I bristled when I saw the title, but bought the book in association with my own talk to Hackers on Planet Earth (HOPE) on “Hacking Humanity.” I’ve put the book down glad I did not give up in the early pages, and thoroughly impressed by the author, clearly among the smartest of skeptics.
Although I was suprised to find no mention of HAARP (High Frequency Active Auroral Research Program) which is striving for openness but still appears to have an unnerving patina of weather change and earthquake triggering potential–in my uninformed view. I’d love the author’s informed opinion on HAARP.
What the author does provide in this book is a totally superb overview with multiple drill-downs of what is now called “geoengineering.” Geo-systems are not in this book, and that is the greatest flaw with any contemplation of geo-engineering–you cannot engineer what you cannot understand.
4.0 out of 5 stars An important book on our planet’s future
April 13, 2009
Review by Future Watch Rider
Book by James Loveluck
Lovelock merits our attention because he has been proven right in predicting grim events. Indeed, Lovelock’s grim views have in some ways been too optimistic in light of the speed with which the global environmental situation has been declining.
I think his views in this book are too pessimistic but Lovelock is a creative original thinker about science who does not fit into neat categories. He has infuriated a lot of his fellow environmentalists with his advocacy of nuclear power. He does so because he sees the huge size of the gap between what is needed and what exists. For example, President Obama has promised to “double” the percentage of renewable energy America uses in a few years. It sounds great….. until you realize renewable energy is less than one percent of America’s energy now. (Meanwhile, renewable energy is being very badly hurt by the global economic crisis.) Optimistic predictions about a “boom” in renewable energy over the past 20 years by various environmental advocates have turned out to be pie in the sky. It hasn’t happened. Hopefully, it will happen now. However, according to predictions of the International Energy Agency, the share of the world’s energy coming from coal, the worst form of energy, is going to go up, not down by 2020. This is why Lovelock also supports research on making coal less disastrous although it’s never going to be “clean” as claimed by the coal industry and its millions of dollars in advertising. (Some environmental purists have also attacked him for this.)
5.0 out of 5 stars Perhaps the most important — certainly the most thought-provoking — book in years
October 22, 2009
Review by Jesse Kornbluth
Book by Stewart Brand
I was interviewing George Soros as the Dow rapidly shed 300 points and crashed through the 10,000 level.
“Is this it?” I asked.
Soros shrugged — a very calm reaction from an investor who might have seen his portfolio shrink by hundreds of millions of dollars in a matter of minutes.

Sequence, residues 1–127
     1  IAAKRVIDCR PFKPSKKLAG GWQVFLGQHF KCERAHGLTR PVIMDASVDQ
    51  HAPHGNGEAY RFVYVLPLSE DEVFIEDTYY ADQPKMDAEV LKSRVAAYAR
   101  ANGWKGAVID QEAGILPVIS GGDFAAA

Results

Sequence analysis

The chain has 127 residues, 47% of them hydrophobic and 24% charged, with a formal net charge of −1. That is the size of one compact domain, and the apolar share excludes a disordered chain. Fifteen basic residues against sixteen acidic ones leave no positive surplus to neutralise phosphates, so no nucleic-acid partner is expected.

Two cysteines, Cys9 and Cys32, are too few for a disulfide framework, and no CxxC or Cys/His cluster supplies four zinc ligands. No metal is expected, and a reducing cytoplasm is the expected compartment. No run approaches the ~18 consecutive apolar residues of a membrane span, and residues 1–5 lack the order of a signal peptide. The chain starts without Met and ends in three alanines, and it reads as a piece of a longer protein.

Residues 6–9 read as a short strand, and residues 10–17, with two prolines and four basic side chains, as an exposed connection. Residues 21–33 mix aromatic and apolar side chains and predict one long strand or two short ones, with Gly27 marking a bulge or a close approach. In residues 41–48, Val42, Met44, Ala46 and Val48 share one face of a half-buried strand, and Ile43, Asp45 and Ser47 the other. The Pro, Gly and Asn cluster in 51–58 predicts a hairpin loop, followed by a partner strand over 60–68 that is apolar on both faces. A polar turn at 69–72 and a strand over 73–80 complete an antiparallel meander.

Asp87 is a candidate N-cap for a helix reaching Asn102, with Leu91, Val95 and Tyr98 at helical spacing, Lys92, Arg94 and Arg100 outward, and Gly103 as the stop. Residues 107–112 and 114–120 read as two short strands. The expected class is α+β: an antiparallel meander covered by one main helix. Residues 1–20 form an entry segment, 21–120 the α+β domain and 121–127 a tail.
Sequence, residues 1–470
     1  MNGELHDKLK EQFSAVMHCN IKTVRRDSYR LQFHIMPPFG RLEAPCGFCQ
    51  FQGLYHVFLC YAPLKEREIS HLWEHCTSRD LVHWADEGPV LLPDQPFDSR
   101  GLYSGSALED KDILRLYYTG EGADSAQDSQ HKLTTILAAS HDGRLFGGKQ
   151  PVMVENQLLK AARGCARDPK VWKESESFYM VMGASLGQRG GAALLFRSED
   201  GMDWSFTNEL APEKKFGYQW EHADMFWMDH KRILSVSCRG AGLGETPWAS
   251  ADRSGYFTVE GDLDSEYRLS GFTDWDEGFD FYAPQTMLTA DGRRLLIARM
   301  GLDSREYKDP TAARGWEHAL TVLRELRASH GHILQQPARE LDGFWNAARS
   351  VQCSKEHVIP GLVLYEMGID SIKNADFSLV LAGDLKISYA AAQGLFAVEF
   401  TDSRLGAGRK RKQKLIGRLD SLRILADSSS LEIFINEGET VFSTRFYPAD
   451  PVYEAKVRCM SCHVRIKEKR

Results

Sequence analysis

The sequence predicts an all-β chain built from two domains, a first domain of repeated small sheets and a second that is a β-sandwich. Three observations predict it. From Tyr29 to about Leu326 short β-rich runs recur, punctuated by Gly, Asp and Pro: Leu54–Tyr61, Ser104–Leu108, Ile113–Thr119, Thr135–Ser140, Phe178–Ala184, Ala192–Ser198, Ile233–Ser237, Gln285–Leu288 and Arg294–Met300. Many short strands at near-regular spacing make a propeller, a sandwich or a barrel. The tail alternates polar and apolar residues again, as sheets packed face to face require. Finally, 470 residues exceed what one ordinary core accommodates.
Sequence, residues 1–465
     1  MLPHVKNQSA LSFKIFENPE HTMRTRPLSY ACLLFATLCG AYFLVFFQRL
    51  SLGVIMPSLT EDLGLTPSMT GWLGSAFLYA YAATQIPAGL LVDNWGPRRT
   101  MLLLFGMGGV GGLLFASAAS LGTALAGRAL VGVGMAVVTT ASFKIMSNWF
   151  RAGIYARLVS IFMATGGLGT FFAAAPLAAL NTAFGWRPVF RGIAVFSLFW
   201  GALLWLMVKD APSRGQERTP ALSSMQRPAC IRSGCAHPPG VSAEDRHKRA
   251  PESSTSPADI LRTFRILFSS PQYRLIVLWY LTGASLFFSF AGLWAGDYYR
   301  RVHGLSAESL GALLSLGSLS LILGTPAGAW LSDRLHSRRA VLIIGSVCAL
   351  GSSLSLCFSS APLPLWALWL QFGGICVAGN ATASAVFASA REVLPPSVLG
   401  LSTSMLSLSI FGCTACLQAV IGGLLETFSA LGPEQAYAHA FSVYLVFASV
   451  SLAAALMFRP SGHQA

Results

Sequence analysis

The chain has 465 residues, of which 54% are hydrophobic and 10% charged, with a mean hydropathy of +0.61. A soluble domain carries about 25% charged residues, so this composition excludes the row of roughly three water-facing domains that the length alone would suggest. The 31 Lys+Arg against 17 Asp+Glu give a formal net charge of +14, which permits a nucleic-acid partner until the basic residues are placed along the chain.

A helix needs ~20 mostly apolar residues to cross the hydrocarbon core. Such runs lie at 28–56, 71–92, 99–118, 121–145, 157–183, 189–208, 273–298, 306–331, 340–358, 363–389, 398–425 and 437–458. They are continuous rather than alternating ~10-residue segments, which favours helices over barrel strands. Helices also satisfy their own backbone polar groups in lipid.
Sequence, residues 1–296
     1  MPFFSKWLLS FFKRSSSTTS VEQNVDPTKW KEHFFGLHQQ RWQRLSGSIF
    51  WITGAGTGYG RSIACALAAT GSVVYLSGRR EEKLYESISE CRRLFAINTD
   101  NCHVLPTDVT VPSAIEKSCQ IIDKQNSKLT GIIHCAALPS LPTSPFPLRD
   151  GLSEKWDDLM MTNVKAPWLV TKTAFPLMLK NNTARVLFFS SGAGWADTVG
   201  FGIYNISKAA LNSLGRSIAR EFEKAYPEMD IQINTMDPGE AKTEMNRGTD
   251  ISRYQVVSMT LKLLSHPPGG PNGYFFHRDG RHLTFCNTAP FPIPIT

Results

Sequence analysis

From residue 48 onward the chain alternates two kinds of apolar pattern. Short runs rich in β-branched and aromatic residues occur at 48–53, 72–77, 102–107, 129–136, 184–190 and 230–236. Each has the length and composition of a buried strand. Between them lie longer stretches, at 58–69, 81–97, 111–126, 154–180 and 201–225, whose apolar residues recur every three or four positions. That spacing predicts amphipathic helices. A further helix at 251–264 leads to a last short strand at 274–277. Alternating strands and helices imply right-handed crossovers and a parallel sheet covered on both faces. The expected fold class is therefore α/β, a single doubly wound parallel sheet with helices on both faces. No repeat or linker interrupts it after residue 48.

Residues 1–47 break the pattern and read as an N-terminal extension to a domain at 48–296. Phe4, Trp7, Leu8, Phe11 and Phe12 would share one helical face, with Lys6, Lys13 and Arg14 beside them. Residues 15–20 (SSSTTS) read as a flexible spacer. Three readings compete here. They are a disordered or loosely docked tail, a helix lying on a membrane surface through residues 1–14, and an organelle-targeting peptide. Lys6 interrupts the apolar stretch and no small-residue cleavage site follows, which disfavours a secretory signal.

I lost much less that day, but I had a different reaction — panic. The thing to do, I concluded, was to trade my beloved Classic 6 in Manhattan for a self-sustaining house in the country. Ten acres would suffice, as long as they had decent water, land suitable for a large garden and enough sunlight for the solar panels.
I bought a URL for the web site I planned to launch: […]. This was no back-to-the-land hippie retreat. I would be stepping into the smart future: small town/rural purity (Woodsmoke) with the 21st century benefits of a fast Internet (Broadband) and Amazon.com’s free shipping.
Given all that, you will understand that I was quite stunned to read “Whole Earth Discipline: An Ecopragmatist Manifesto” — by Stewart Brand, creator of the 1960s and 1970s classic, the “Whole Earth Catalog” — and discover that the last place its author would have me go is back to the land.
REPOSTED to end Russian spammer constant hitting on former URL.
Best Possible Starting Point for Executives & Students
October 20, 2009
This book is a gem. It is a rare book that I would recommend equally to senior executives and students thinking about a career path, but this is such a book. I agreed to review this book for the publisher and received a free copy. I’ve known the author since the early 1990’s when the U.S. Government first tried to learn how to do commercial intelligence, calling it Open Source Intelligence (OSINT). They still don’t get it, for the same reason most executives don’t get it: arrogance, ignorance, and a complacency that comes from having too much money and not enough accountability.Before laying down my notes, let me first place this book squarely in the top twelve books in English. This is the one I would recommend to anyone as a starter, followed by:
Unfortunately the timing of the release could not have been worse, coming as it did the same week the Washington Post launched its series Top Secret America, detailing just how immense and intrusive the nation’s national security apparatus has become, an economic boom for Washington seen as increasingly dangerous by many on both the left and right.
Jonkman acknowledged the help of “thousands of people” in delivering Version 1.0 of the software, which was immediately fisked by Martin Roesch, creator of Snort, who called it a cheap knock-off funded with taxpayer dollars.